Fertility Transition and Regional Variation of Fertility in Turkey: Panel Data Fixed Effects Estimation, 1975-2000



Master’s thesis (15 creditpoints)



Maria Stanfors

Table of Contents


1. Introduction 4

1.1 Aim of the Thesis 5

1.2 Research Question 6

2. Background 6

2.1 General Overview of Turkey 7

2.2 Analysis of Fertility and Mortality Trends 9

2.3 Stages of Demographic Transition in Turkey 11

2.4 Regional Fertility Trends 14

2.5 Previous Research 16

3. Theoretical Considerations 18

3.1 Demographic Transition Theory 18

3.2 Economic Theories of Demographic Transition 21

3.3 Cultural Theory of Demographic Transition 29

3.4 Definitions of Variables and Hypothesis 30

4. Data and Method 34

4.1 Source Material 34

4.2 Statistical Method 35

5. Empirical Analysis 37

5.1 Statistical Results 37

5.2 Discussion 41

6. Conclusion 43

References 44



Turkey, similar to other least developed countries, entered into demographic transition process in the second half of 20th century. However, the transition process was not experienced at the same time and in the same way across different regions of the country. The aim of this study is to reveal the determinants of fertility transition and regional fertility variation in Turkey. The period under consideration is between 1975 and 2000 in other words the later part of transition. Different from previous studies, this study covers longer period of fertility transition and applies panel data fixed effects estimation method. The results indicate that education and income is decisive in fertility transition. However, different factors gain importance in different regions.

Keywords:Demographic transition, fertility, regional variations in fertility rate, Turkey.


Turkey, similar to other developing countries, entered thedemographic transition process during the second half of 20th century. The pattern of this process was similar to that experienced in Europe long before the last quarter of 19th century; first infant and child mortality rates decreasedand after some time, fertility rates followed this trend andreached replacement level. However, transition process was not experienced at the same time and in the same way across regions of the country. There exist variationsin fertility rates among different regions especially between East and West. For example, in West, total fertility rate decreased from 4.35 children in year 1960 to 1.73 in 2008. In East, total fertility rates have always been higher than West. In 1960, total fertility rate was 8.27 children yet it decreased to 3.27 children in 2008[*]. Fertility in urban-rural residence also varies in Turkey. Turkish Demographic and Health Survey 2008 (TDHS) indicates that total fertility rate in urban residence is2.00children but in rural residence it increased and reached 2.68 children.Statistical indicators show that West had completed fertility transition but East is still experiencing the fertility decline.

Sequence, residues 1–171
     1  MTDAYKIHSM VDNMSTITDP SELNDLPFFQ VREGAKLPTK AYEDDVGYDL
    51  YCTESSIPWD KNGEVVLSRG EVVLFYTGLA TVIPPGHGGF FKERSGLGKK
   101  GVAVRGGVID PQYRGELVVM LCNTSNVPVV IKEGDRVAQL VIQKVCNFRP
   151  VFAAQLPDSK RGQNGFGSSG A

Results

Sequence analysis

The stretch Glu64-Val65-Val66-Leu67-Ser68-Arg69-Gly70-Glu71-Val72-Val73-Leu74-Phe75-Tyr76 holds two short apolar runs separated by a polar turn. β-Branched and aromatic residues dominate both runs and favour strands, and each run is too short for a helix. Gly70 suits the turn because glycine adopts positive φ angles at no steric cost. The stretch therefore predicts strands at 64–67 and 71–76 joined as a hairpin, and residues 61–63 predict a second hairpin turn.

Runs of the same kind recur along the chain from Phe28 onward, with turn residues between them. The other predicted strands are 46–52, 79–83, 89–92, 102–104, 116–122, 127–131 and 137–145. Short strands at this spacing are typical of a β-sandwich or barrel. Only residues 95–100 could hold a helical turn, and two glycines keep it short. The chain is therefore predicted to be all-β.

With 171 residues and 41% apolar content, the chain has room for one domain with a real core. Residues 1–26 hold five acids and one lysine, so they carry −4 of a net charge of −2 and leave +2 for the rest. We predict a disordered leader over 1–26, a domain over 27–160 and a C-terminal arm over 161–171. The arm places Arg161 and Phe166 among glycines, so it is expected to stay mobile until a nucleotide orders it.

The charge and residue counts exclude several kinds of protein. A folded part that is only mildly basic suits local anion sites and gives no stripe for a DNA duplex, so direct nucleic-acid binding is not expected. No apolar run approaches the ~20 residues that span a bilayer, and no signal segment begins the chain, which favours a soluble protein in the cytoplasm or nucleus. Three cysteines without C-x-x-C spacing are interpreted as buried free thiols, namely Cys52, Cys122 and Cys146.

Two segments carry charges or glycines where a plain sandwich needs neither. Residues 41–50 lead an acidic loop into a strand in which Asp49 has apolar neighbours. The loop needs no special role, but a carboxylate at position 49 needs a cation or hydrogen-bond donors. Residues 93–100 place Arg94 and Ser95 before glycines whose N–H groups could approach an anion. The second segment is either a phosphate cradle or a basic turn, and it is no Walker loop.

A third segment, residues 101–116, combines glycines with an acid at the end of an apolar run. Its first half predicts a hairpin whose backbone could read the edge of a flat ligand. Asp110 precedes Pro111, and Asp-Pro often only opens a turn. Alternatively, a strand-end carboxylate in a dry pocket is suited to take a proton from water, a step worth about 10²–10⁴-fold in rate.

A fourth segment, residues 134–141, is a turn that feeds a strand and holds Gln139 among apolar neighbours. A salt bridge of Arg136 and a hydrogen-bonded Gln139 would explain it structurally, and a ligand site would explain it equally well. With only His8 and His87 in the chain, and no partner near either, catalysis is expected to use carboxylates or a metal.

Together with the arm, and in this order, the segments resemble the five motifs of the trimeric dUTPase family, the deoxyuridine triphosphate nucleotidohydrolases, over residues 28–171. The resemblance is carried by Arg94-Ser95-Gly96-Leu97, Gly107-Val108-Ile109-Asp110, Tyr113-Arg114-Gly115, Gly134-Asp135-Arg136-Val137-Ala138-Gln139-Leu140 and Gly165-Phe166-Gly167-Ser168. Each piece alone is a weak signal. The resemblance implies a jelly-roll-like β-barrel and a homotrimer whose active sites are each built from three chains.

Variations in fertility rates across different regions of Turkey indicate that families decide their level of fertility by taking different factors peculiar to region into consideration. It is important to reveal these factors because we can develop effective social and economic policies if we understand how families reach a decision about the number of children.

Turkey offers excellent research opportunities with its unique modernization process and multicultural fabric of society; though challenging because the country, similar to other developing countries, lacks of longitudinal statistical record. Because of the data limitations, the field of demography is newer and untouched in Turkey. However, it is important to know exact number of population and its characteristics, especially fertility levels in order to make efficient social and economic policies in future.